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) -- You might be leaving $1 million on the table from a highly common mistake in the workplace.

It's the cash you're missing out on by not

negotiating your salary

, according to the salary comparison site


The company lays it all out in stark detail, using a person-to-person comparison to reach that $1 million gap.

"Two people are given an initial job offer of $45,000 each (close to many college graduates' first offer)," says in a

primer on salary negotiations

. "One person negotiates an initial $5,000 bump and a 4% raise each third year -- a typical progression for negotiated salaries. The other person accepts the initial offer and just a 1% pay increase each year -- a typical year-over-year progression without negotiation."

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After a 45-year career, the difference in their total lifetime earnings is $1,037,773, concludes.

Before heading out to the balcony to rage over losing out on a cool million, take a deep breath.

Also see: Incomes Are Up the Most in Washington, D.C.>>

Even though 41% of Americans didn't negotiate for their current jobs,

according to

, it's not like you can't jump in and change that behavior. If you just ask for a 4% raise every three years, you can increase your career income total substantially.

But you'll have to change some career behaviors first, the firm says. The primary roadblocks to productive salary negotiations are zero preparation, a lack of confidence and weak negotiating skills.

To get up to speed, you're going to have to grasp some realities:

  • 61% of workers say they are afraid of hearing the word "no" when asking for more money, yet 73% of managers say they respect employees who negotiate.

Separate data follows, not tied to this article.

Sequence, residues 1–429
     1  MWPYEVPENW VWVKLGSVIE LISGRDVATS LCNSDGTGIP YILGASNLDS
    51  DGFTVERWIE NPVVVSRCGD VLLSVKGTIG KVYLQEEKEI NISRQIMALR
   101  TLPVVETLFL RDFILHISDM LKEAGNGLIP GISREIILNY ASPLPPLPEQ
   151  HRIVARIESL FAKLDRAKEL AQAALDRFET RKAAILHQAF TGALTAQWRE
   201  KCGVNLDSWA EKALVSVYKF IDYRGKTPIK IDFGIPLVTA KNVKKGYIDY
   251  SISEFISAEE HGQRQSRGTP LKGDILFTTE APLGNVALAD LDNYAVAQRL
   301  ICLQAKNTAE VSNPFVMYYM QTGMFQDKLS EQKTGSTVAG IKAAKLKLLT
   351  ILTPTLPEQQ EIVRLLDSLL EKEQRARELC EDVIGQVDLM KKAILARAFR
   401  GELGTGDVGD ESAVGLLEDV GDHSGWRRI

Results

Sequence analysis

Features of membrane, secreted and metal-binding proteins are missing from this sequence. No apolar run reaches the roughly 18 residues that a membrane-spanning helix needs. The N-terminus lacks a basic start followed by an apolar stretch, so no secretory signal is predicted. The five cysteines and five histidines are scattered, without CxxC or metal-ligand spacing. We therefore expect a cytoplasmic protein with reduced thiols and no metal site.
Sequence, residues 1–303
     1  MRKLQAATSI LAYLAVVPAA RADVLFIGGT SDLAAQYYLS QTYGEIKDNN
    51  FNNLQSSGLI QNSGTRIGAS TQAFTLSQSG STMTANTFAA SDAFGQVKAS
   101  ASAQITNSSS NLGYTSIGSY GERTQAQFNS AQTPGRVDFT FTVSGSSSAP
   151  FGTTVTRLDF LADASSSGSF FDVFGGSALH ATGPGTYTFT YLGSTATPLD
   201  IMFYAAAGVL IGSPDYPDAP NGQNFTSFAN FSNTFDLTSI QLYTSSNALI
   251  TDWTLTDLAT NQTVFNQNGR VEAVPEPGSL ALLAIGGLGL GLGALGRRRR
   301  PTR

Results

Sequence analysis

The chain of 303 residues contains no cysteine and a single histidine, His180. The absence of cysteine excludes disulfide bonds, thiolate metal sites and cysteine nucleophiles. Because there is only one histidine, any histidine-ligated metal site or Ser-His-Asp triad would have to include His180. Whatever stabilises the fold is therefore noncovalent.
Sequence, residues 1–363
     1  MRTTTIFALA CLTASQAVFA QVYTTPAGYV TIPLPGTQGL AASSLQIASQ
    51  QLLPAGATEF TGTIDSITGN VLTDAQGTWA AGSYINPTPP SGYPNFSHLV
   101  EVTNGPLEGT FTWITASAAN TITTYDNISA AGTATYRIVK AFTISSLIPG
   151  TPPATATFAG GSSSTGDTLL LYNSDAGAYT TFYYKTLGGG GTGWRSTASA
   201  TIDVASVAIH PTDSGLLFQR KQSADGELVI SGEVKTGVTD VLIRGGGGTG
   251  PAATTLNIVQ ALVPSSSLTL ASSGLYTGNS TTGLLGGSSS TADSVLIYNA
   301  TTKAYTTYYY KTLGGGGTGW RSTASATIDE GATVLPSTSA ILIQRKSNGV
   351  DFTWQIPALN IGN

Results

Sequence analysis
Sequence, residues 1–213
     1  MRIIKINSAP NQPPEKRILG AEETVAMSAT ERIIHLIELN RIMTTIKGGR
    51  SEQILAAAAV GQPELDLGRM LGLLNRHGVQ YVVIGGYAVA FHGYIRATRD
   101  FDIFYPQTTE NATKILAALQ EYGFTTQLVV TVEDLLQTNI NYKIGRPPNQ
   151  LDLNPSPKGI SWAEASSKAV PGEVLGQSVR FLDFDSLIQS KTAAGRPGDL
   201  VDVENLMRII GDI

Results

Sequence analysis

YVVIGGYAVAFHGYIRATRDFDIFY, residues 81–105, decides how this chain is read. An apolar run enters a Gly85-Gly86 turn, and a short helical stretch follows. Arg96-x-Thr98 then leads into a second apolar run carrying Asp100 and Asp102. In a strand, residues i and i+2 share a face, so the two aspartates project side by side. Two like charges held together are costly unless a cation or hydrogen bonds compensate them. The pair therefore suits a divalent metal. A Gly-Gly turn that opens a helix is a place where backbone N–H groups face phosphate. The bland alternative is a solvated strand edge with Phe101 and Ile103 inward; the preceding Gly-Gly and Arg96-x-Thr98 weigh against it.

• 84% of employers fully expect employees and job candidates to ask for more money.
  • According to data from, "zero companies" fired an employee who stepped up and asked for more money.

Also see: 4 Ways Americans Are Screwing Up Their Retirements>>

To maximize your chances of getting that 4% annual raise, try getting the upper hand with some proven strategies:

  • Find out what time of year your company evaluates compensation. Then make your request for a raise 30 days before evaluations begin.
  • Negotiate when times are flush. It's a good idea to ask for more cash after periods of good economic growth for your firm. If your company's revenues rose by 10% or more the previous quarter, go ahead and ask for more money.
  • Always let the employer make the first offer in a salary negotiation. Have a figure you want set in stone, then ask for a figure a few percentage points higher and be prepared for that number to come down during negotiations.

Do those things and start back on the road to significantly higher career earnings. It may not be $1 million, but a few years of 4% raises can really add up.